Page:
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- ↵†Address for reprints: Martin E. Goldman, MD, Division of Cardiology, Mou it Sinai Medical Center, 1 Gustave Levy Place, New York, New York 10029.
Aortic root hypothermic, hyperkalemic cardioplegic perfusion has been shown to preserve ventricular function during open heart surgery. However, significant coronary artery stenoses may prevent adequate perfusion of myocardial regions distal to the lesions, leading to intraoperative ischemia and damage. The purpose of this study was to evaluate for the first time in human patients the use of intraoperative contrast cardioplegic echocardiography for identifying potentially jeopardized myocardial regions as defined by cardiac catheterization.
Forty-two patients, 23 men and 19 women, aged 28 to 83 years (mean 56.7 ± 2), who had undergone cardiac catheterization and coronary arteriography, underwent open heart surgery; 30 had coronary artery disease. Echocardiograms of the left ventricle, performed on the open heart in the papillary muscle short-axis plane during routine aortic root cardioplegia were divided into three regions according to the coronary anatomy: septal (left anterior descending artery), anterolateral (left circumflex) and inferoposterior (right coronary artery). Intraoperatively, myocardial segments at greatest potential ischemic risk were identified by several findings alone or in combination: lack of spontaneous contrast and delayed whiting out or persistent fine fibrillation. The ability of intraoperative echographic interpretation to identify high risk segments based on preoperative catheterization findings was excellent. Thus, the sensitivity of cardioplegic contrast echocardiography for predicting significant (> 70% stenosis) coronary lesions was 96, 100 and 58% for left anterior descending, left circumflex and right coronary artery regions, respectively. Specificity was 94, 78 and 100% for anterior descending, circumflex and right coronary artery regions, respectively. Overall sensitivity and specificity for all regions was 82 and 92%, respectively. Importantly, the echocardiogram was most helpful in observing septal region perfusion.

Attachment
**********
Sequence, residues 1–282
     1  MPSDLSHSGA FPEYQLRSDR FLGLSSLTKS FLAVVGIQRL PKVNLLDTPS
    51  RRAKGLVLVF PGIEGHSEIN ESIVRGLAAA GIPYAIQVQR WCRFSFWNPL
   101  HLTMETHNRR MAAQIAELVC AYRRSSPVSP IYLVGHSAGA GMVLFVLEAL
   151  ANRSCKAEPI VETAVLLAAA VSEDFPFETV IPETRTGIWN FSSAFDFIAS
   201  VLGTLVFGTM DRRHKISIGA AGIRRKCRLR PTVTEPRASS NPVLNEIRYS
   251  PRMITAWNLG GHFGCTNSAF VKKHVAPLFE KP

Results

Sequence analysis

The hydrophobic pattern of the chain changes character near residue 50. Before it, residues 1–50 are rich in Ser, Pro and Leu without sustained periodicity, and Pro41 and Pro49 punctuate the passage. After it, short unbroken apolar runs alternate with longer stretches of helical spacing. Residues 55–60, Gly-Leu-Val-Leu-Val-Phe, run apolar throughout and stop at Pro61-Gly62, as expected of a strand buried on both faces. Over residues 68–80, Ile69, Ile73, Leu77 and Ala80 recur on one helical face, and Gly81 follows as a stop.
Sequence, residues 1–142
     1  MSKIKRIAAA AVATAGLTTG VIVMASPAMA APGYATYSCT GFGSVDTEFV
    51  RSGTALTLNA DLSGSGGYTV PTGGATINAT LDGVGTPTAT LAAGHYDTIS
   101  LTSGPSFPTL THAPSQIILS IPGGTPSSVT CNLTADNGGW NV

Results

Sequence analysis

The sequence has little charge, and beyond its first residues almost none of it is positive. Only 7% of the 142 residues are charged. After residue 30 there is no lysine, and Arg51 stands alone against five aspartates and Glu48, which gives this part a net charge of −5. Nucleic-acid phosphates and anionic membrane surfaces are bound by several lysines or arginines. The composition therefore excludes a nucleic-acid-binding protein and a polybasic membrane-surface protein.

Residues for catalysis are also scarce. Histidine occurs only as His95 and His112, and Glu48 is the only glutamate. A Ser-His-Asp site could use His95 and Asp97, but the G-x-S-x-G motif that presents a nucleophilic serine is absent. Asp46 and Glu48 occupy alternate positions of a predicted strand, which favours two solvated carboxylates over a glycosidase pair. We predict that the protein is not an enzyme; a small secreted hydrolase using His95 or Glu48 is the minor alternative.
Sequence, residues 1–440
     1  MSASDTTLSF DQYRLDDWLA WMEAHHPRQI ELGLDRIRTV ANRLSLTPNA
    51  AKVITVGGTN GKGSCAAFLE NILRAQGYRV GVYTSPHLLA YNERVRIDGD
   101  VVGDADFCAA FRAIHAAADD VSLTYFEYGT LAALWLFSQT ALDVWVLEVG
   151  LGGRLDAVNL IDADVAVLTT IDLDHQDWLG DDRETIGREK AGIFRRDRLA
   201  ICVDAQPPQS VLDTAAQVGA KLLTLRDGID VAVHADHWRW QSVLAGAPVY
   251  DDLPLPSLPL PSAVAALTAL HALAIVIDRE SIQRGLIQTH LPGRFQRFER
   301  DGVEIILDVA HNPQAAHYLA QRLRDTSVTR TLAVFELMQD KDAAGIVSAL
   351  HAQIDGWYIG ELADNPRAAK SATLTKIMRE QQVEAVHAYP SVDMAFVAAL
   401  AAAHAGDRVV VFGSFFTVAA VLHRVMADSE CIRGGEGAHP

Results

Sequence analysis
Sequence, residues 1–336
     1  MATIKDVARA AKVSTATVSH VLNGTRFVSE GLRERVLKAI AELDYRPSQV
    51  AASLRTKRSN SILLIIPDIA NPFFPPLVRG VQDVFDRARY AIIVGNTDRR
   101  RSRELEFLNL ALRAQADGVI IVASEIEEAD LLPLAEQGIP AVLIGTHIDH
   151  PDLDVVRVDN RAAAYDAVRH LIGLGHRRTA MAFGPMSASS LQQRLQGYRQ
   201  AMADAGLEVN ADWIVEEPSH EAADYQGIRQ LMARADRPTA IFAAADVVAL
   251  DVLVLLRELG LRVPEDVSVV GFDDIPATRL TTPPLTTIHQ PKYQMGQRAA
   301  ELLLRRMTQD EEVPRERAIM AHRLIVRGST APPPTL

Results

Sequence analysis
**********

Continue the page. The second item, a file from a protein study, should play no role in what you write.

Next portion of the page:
It is concluded that intraoperative two-dimensional echocardiography performed during routine aortic root cardioplegia produces patterns of spontaneous contrast that appear to correlate well with myocardial perfusion. This technique has potential for identifying segments at greatest ischemic risk, thus guiding the surgeon in determining the sequence of coronary artery bypass grafting and providing improved intraoperative myocardial protection.
↵1 From the Divisions of Cardiology and Cardiothoracic Surgery, Departments of Medicine and Surgery, Mount Sinai Medical Center, New York. New York.
* This seminar will appear on a continuing basis in succeeding issues of the Journal. Part I appeared in January 1984, Part II in April 1984, Part III in May 1984, Part IV in July 1984 and Part V in September 1984.
- American College of Cardiology Foundation